Few artists capture the imagination like Rex Orange County. Despite relatively little chart success, he is revered by critics, fans and other artists as a strikingly adept musician with a refreshingly new, genre-transcending approach to songwriting. When I saw him at Glasgow’s Barrowland Ballroom in 2019, I was struck by the mechanics of his stage show. Despite the presence of a horn section and occassional strings, swathes of supporting musicians dotted around the stage, the whole time your eyes are rooted to his relatively static keyboard that he seems to cling to as if he’s going to fly off.
At only 22 years old, his career so far is seriously impressive. Off the back of entirely self-taught playing, recording and producing techniques, he attended the BRIT school where he studied drumming. One thing I’m often told as a drummer is that we’re in high demand, and that means we get the opportunity to be involved in a lot of different projects – I can only dream of reach the stratospheric heights this propelled Rex Orange County, colloquially known as Alex O’Connor, to in such a short space of time.
A lot of people give the products of music and acting schools a rough ride when they do make it to the big time – Ed Sheeran is one, as is the 1975’s Matty Healy. Common criticisms are that they bought their way to the top or were foisted into a position of privilege that has allowed them to reap the rewards of the world of celebrity. But here’s why we shouldn’t punish people who want to make art that the world connects with. I’m not a particular fan of Ed Sheeran or The 1975 but if the people are loving it, more power to them. Elton John went to the Royal Academy of Music. Paul McCartney opened the Liverpool Institute of Performing Arts. They did alright out of it. It’s not 1950 anymore and the sad reality of music today is that a lot of talented people don’t have the contacts, money or social media savvy to make their music heard. So, if a few manage to slip over the paywalls of the music industry, why shouldn’t we amplify them?
Back to Rex Orange County. His debut album, Bcos U Will Never Be Free, was self-released on SoundCloud and Bandcamp. It takes some serious effort to make a career out of those websites – like I said, there is a sea of pure talent out there, but probably 0.00000001% of it makes its creator into a successful musician. It was so striking that it attracted the attention of US rapper Tyler the Creator who invited Rex to collaborate on the album Flower Boy. This was closely followed by the single Best Friend and the second Rex Orange County LP, Apricot Princess. This too was self-released and represented a mix of cleanly-produced upbeat pop rock and a sense of self-deprecation that marked him out as honest and identifiable with.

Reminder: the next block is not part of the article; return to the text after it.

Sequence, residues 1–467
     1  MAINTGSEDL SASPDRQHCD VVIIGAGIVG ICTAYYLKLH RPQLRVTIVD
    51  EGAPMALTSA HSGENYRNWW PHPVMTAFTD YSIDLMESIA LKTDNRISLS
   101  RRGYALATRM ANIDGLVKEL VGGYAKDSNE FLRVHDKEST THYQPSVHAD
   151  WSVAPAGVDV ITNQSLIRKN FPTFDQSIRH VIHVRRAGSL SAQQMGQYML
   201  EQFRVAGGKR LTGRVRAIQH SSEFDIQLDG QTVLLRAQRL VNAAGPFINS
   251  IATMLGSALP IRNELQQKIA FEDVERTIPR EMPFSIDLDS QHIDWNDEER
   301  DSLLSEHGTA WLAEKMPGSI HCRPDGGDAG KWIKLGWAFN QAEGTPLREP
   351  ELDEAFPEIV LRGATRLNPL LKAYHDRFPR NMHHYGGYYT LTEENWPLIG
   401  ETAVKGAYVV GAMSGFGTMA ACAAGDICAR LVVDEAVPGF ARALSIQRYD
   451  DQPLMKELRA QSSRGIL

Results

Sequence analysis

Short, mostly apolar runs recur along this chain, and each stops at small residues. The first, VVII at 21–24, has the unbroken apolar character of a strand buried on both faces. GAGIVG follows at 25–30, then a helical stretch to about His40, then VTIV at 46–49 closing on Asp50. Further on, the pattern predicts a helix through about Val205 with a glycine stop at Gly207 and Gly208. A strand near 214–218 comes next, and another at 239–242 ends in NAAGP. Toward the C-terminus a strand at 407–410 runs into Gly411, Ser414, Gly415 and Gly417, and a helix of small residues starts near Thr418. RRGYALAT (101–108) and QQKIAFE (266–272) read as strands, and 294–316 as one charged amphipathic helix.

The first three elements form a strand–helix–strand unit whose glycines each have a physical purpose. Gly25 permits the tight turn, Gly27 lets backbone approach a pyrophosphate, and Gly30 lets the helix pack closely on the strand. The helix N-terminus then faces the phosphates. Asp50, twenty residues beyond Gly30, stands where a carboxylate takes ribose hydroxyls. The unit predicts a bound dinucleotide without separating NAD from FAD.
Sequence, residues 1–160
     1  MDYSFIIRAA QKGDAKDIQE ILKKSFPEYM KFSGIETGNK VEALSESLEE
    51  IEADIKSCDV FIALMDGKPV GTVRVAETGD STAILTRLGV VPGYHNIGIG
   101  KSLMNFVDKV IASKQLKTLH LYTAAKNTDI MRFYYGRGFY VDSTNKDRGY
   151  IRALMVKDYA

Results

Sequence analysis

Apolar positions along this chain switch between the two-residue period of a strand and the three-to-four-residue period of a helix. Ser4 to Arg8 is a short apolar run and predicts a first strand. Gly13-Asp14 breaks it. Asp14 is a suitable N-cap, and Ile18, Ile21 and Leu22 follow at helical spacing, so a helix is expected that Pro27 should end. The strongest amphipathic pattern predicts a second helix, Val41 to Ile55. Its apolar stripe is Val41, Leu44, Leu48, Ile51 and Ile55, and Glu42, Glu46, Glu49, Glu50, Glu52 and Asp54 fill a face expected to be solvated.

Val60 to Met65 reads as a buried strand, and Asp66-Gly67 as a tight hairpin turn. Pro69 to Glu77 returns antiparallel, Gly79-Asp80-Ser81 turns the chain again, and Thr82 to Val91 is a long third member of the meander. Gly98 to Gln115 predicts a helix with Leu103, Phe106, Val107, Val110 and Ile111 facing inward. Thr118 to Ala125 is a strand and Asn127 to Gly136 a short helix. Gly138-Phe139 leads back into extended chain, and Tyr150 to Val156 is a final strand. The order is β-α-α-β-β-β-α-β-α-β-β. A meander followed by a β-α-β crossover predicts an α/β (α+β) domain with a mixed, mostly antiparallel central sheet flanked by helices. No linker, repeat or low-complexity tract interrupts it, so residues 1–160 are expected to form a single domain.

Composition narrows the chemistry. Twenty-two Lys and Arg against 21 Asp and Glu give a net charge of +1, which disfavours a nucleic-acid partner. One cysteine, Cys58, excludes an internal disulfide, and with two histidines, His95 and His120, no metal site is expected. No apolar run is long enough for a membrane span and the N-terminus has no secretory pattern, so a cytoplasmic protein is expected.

His most well-known single is Loving Is Easy, probably the perfect embodiment of a low-fi pop song dedicated to the ease of a relationship in its honeymoon phase – but it is of rather less substance than the remainder of his discography. Make no mistake, it is an utterly fantastic song – easily one of the best pop songs recorded in the last 25 years. But the best representation of – yep, I’m gonna say it – his genius is his 2019 album, Pony.
His music transcends genres. It’s at once modern lo-fi hip-hop/pop crossover as it is post-Beatles experimental rock. It plays with time signatures, isn’t afraid of experimenting with alternative instruments and different kinds of vocal augmentation and is overwhelmingly honest about O’Connor’s personal struggles. While Paul McCartney’s strand of innovation was of course different, I truly believe that Rex Orange County (rivalled perhaps by Declan McKenna) is one of the next great figures of popular music. Long after he fades from stardom, critics and musicians will look back to him as a source of inspiration.
Especially in a state of perpetual lockdown where we have celebrities relentlessly badgering us to ‘stay positive,’ ‘it’ll be over soon,’ it’s deeply refreshing to listen to a singer who is honest about coping with mental health struggles whilst simulatenously appreciating the transformative nature of the latest 5-6 years of his life.